The local LTBLI team traveled 285 kilometers to arrive at Nampanga HCIII in the early morning of November 21, 2022. District officials from the Health Department, members of the community, and technicians gathered on the spot. Once the solarization materials and examination lights were handed to those in charge of the health clinic, the technical team started installation.
“Our main challenge has been with the mothers who come at night. Examining an expectant mother when your torch or phone is held in her mouth is really challenging! But now that we have got solar light we shall be attending to the mothers without difficulty. We thank Semrush and Let There Be Light International for bringing us clean light,” commented Hadijah Kwaga, the head of Nampanga Health Clinic.
Additionally, Semrush sponsored the purchase and distribution of 100 solar lights, which were brought to off-grid households within Nampanga’s catchment area. The LTBLI crew made personal visits to those off-grid homes while educating Uganda people on the benefits of using solar lights.
Celebrations followed: district officials and the local team, as well as the health clinic staff and community members, took part in a grand Health Center opening. The party was more than just about “cutting a ribbon” and “eating cake”. The LTBLI consultants hold a speech on energy poverty and communicated the ways how it can be addressed in secluded regions like Sironko.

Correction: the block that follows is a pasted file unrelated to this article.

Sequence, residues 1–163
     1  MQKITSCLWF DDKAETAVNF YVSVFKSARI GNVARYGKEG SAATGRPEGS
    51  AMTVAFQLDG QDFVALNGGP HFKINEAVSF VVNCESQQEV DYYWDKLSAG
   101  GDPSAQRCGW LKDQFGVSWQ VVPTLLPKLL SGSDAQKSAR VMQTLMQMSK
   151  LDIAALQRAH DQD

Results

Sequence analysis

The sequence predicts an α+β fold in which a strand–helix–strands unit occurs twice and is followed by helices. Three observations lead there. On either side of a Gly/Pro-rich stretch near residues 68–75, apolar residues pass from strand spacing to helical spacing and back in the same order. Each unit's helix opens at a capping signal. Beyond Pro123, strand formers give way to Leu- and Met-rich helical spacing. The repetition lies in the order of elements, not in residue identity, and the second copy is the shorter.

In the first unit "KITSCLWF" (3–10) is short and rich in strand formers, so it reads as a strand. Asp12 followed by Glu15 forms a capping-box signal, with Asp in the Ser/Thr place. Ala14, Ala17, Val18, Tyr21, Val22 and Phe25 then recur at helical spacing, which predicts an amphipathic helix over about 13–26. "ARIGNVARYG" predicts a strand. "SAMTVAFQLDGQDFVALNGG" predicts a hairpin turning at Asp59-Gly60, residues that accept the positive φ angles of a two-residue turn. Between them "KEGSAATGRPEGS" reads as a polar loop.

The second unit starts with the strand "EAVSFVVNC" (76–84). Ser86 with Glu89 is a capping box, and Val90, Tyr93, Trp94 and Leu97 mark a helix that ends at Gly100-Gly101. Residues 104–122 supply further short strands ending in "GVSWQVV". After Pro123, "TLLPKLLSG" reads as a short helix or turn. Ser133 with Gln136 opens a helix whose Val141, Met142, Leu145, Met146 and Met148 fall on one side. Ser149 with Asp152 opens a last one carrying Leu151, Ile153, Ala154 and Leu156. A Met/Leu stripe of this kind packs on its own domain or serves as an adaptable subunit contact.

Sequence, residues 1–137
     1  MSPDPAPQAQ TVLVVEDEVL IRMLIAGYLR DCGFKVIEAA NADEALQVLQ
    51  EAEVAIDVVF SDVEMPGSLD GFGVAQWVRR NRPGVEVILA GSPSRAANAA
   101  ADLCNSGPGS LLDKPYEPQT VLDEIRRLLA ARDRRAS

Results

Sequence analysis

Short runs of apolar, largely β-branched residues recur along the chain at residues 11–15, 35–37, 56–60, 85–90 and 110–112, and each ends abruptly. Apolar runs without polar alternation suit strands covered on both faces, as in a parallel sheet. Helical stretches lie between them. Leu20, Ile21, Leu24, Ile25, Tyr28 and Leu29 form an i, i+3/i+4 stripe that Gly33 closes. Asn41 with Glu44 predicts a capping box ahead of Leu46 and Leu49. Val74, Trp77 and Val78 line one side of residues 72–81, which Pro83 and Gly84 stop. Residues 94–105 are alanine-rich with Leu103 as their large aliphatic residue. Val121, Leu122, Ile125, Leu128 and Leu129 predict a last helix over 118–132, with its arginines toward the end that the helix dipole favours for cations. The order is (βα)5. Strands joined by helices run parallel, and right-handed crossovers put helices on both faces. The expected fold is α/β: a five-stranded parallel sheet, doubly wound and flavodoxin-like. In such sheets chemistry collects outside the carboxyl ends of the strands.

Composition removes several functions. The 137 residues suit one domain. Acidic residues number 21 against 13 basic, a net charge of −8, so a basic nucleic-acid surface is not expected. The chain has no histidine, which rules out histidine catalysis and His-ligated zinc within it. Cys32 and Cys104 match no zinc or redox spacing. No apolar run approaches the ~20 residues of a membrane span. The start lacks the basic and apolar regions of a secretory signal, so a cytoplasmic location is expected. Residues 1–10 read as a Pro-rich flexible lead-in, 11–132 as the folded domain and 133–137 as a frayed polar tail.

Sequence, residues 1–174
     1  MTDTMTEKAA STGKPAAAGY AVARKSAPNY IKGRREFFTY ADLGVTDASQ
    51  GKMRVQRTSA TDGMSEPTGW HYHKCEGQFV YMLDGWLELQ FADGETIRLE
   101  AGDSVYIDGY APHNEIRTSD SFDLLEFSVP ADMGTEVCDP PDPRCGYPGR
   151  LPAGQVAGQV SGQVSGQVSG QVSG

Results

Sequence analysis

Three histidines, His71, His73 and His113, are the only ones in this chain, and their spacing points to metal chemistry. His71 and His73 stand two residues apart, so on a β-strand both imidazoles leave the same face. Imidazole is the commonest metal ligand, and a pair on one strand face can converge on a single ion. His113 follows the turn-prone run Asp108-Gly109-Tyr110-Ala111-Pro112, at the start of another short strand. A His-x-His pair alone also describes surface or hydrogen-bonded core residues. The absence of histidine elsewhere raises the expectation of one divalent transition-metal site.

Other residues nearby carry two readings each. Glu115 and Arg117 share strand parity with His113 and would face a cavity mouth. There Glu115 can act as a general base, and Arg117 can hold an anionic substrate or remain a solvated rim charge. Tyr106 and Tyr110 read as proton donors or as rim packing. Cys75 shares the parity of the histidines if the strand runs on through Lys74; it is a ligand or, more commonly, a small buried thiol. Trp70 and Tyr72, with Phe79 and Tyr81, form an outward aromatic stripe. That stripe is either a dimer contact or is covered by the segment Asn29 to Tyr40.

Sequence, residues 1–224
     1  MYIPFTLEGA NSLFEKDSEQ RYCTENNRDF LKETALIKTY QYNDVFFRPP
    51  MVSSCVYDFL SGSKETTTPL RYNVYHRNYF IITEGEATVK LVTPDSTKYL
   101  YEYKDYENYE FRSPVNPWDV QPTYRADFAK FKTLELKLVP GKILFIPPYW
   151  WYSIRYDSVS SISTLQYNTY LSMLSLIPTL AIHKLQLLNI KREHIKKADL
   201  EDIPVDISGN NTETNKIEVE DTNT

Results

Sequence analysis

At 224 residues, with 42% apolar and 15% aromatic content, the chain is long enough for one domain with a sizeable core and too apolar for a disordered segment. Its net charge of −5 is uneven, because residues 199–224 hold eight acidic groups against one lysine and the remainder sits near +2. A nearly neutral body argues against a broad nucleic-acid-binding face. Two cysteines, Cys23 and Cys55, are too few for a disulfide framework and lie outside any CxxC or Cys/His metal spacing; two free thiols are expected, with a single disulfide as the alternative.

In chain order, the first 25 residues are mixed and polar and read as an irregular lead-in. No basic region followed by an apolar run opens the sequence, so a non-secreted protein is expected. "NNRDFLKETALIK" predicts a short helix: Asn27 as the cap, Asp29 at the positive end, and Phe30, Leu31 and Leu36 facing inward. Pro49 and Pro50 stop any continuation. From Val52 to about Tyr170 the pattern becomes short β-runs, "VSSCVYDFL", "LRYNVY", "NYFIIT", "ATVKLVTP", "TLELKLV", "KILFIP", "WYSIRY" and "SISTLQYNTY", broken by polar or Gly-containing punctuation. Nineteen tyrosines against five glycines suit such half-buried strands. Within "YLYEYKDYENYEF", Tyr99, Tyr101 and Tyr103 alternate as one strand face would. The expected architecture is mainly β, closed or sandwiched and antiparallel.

Good question, thanks for asking :) Of course, we don’t plan to stop here. After seeing how many people we could affect so quickly, how many lives have been positively impacted by our actions and support, we keep going.
Clean energy is still our priority in all social sustainability actions, and we expect to continue working on projects that are meaningful not only for the people involved, but also for Semrush and our long-term environmental impact. At the moment, we also cooperate with the Europe-based NGO Renewable World on a non-restricted donation basis. It means that our donation is used to “span the gap” for projects where it’s urgently needed.
Renewable World, similarly to LTBLI, engages in clean energy programs in secluded regions, mainly with a focus on Nepal and some rural communities in Kenya. Supporting local communities with climate-smart agriculture training, installation of solar energy systems in health centers, and ensuring electric water-filtering systems–these are just a few projects of Renewable World that we, as Semrush, participate in.
Seeing what’s been done is certainly always reassuring, and looking ahead to what CAN (and has to) be done is a little intimidating. But as you know, at Semrush we are never frightened of challenges. Big things await–are you with us?